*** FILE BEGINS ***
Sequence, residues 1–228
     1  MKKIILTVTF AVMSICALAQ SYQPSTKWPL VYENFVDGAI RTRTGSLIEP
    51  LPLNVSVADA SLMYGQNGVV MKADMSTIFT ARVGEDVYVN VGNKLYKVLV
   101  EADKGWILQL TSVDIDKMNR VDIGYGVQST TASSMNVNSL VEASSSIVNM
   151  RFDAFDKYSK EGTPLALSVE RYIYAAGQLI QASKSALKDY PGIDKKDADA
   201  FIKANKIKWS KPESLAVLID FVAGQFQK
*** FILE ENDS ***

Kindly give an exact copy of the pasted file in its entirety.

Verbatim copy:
Sequence, residues 1–228
     1  MKKIILTVTF AVMSICALAQ SYQPSTKWPL VYENFVDGAI RTRTGSLIEP
    51  LPLNVSVADA SLMYGQNGVV MKADMSTIFT ARVGEDVYVN VGNKLYKVLV
   101  EADKGWILQL TSVDIDKMNR VDIGYGVQST TASSMNVNSL VEASSSIVNM
   151  RFDAFDKYSK EGTPLALSVE RYIYAAGQLI QASKSALKDY PGIDKKDADA
   201  FIKANKIKWS KPESLAVLID FVAGQFQK